stems from the structural changes of the way the global economy is organised and integrated wherein

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TNCs are intertwined as networks within networks. This is highly correlated with addressing
globalisation as a syndrome of processes. He, further, provides an insightful view that globalisation is
not an inevitable end-state contesting, by this, some of globalisation polemical myths. In this respect,
the world is neither flat nor borderless. Moreover, globalisation is not always good or always bad. He
points out that the nature and degree of integrations between countries are in a state of influx due to
these processes being slow or rapid over time.
Some of the facets of globalisation include the globalization of markets and the globalization of
production. The former refers to the formation of one single global market from the merging of
distinct and existing national markets. Drawing from this view, TNCs can achieve economies of scale by
seeking standardisation in their management strategies as the integration mechanism (Porter &
Rudden, 1982 and Levitt, 1983 cited in De Wit & Meyer, 2010). As for the latter, it evolves from the
rational thinking of TNCs adapting a global mind-set in structuring their organisational architecture in
terms of production with the scope of outsourcing or manufacturing in countries in which the national
differences in the cost and quality factors of production are one of the competitive advantages TNCs
bank on (Dicken, 2011).

2.2. Drivers of Globalisation
The robust growth of globalisation at the end of 1970s is rooted in the revolution of information and
communication technology (ICT) and transportation technology. The ease and speed of
communication increase the perception of the integration of economies and societies. New
technologies are the causa causans – developed by Keynes (1937) – behind the increased extensity of
globalisation (Ietto-Gillies, 2002 cited in Mitchie, 2011). Consistent with this is the argument by
Ohmae that the advancements in modern technology have changed the economy landscape. He
asserts that technology enables rapid transformations in both investment and industry, as capital
becomes more mobile across the globe (Bonanno & Constance, 2010). In addition, ICT contribute to
rapid spill-over of improved know-how and unprecedented diffusion of innovation which is conveyed
through TNCs. Technological developments of aircraft, transport container and the optic fibre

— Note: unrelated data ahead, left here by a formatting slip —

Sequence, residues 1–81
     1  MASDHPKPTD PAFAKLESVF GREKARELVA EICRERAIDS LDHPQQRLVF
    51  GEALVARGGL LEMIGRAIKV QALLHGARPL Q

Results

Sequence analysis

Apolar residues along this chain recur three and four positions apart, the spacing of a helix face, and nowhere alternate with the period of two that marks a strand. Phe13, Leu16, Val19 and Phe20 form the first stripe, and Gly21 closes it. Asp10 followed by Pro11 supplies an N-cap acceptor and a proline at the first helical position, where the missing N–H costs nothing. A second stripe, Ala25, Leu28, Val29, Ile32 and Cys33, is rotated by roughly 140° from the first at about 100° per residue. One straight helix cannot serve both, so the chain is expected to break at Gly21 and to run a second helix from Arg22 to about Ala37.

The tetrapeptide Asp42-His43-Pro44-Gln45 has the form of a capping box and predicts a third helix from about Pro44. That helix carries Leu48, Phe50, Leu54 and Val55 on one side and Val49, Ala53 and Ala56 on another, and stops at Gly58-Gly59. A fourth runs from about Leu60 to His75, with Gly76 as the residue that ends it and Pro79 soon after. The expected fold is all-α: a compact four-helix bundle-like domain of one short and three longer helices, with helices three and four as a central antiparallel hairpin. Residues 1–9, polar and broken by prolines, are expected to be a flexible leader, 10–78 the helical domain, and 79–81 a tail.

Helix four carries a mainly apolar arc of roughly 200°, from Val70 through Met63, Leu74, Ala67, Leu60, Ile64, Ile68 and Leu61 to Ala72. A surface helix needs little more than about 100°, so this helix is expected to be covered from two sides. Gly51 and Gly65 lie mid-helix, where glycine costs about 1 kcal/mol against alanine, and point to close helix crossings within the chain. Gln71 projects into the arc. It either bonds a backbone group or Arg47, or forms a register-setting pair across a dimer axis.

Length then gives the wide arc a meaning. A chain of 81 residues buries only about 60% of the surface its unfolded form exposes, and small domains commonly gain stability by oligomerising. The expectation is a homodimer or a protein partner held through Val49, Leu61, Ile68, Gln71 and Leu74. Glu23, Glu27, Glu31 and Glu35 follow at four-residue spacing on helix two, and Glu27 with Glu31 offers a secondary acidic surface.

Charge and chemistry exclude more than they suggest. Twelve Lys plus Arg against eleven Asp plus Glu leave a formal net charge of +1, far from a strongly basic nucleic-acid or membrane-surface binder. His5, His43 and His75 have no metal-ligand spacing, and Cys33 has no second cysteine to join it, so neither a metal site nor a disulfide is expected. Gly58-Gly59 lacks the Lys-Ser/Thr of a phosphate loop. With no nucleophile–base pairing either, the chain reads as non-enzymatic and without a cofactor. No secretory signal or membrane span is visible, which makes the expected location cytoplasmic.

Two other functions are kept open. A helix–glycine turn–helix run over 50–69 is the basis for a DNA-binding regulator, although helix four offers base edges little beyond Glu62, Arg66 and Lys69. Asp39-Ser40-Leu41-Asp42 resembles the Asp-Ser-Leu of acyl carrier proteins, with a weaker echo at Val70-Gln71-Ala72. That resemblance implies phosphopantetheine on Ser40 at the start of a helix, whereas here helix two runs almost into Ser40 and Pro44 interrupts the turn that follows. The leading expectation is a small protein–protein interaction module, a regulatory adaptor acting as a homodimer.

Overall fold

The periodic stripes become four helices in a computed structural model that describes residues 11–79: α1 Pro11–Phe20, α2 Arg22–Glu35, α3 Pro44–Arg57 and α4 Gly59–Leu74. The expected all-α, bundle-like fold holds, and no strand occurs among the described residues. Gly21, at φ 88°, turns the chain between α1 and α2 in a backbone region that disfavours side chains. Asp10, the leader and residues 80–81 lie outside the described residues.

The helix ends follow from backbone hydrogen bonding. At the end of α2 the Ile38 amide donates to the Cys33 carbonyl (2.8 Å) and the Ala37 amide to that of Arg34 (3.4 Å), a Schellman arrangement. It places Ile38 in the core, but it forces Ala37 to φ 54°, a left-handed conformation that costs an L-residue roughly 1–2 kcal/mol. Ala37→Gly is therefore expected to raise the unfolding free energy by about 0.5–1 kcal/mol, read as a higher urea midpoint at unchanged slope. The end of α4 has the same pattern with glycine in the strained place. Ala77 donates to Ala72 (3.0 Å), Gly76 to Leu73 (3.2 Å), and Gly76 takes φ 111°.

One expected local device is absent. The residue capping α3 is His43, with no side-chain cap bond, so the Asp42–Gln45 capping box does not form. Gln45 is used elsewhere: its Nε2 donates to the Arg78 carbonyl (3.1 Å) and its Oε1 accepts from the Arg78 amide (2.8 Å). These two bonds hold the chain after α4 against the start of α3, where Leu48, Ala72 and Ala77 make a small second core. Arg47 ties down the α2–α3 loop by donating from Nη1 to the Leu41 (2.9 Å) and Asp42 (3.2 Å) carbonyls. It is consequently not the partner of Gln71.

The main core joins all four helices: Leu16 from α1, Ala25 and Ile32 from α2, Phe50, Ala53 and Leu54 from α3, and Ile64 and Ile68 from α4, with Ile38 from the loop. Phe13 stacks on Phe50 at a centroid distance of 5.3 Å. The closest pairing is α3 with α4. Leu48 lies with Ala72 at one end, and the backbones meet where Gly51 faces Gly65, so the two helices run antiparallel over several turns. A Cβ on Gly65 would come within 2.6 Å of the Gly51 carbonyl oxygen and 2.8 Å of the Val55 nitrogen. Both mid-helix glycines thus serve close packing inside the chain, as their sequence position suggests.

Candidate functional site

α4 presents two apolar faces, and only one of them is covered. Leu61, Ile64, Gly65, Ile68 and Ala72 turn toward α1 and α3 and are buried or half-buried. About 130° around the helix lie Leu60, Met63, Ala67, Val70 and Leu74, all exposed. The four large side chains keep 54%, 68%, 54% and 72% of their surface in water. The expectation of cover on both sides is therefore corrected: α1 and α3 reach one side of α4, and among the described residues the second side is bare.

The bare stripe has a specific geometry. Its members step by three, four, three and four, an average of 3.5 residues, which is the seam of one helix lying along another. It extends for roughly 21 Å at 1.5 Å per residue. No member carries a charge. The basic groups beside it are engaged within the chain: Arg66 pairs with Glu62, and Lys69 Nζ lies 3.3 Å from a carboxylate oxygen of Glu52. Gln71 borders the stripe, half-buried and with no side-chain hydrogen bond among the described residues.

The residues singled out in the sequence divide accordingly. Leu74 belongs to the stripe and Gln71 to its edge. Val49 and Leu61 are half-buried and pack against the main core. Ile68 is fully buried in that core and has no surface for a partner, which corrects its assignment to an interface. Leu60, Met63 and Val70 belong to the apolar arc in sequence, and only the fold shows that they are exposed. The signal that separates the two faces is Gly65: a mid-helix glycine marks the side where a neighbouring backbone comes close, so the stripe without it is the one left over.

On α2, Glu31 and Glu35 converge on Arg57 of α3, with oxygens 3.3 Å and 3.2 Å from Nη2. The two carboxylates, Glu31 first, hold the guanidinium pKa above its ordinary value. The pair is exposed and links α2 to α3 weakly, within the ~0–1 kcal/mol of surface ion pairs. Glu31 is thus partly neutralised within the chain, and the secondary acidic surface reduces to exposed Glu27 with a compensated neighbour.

revolution have vastly increased the ease of coordinating spatial dispersed operations of TNCs and,
moreover, facilitated the growth of TNCs activities (Jenkins, 2013).
The catalyst effect of the technological development in accelerating the growth of globalisation saw
the second birth of globalisation where its fundamental kindle was the declining trade and investment
barriers. In effect, this is enshrined in the GATT agreements with the promulgation of many tariff
reductions. As Table 1 depicts, the average tariff rates have fallen significantly since 1950 and now
stand at about 4% (Hill, 2011). Further lowering of these barriers has been regulated by other
supranational and multilateral institutions. One of the most remarkable agreements is the
“Washington Consensus” came to advocate creating more favourable environment for trade (Utkin,
2002).

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Table 1: Average Tariff Rates on Manufactured Products as Percent of Value

(Hill, 2011)

3. Transnational Corporations - The engines of Globalisation
Given that TNCs have a key integrative role in the globalisation process through their strategies –
export, trade, FDI, alliances –, it merits to pay a thorough attention to their entities’ configuration and
their inner dynamics. TNCs, therefore, are one of the few organisations that capture the attention of
many monographs from various social sciences (Balasubramanyam, 1994). TNCs’ collusive relations with
host countries are the prominent cause for their exposure to even the civil societies (Eden & Lenway,
2001). Furthermore, it is argued that TNCs are Janus-faced which is framed as being an engine of
eliminating economic inequality but also as a major obstacle to development through a massive drain of
surplus to the advanced capitalist countries. The TNCs, as defined by the UN Economic and Social
Council (1978), are “all enterprises which control assets – factories, mines, sales offices and the like – in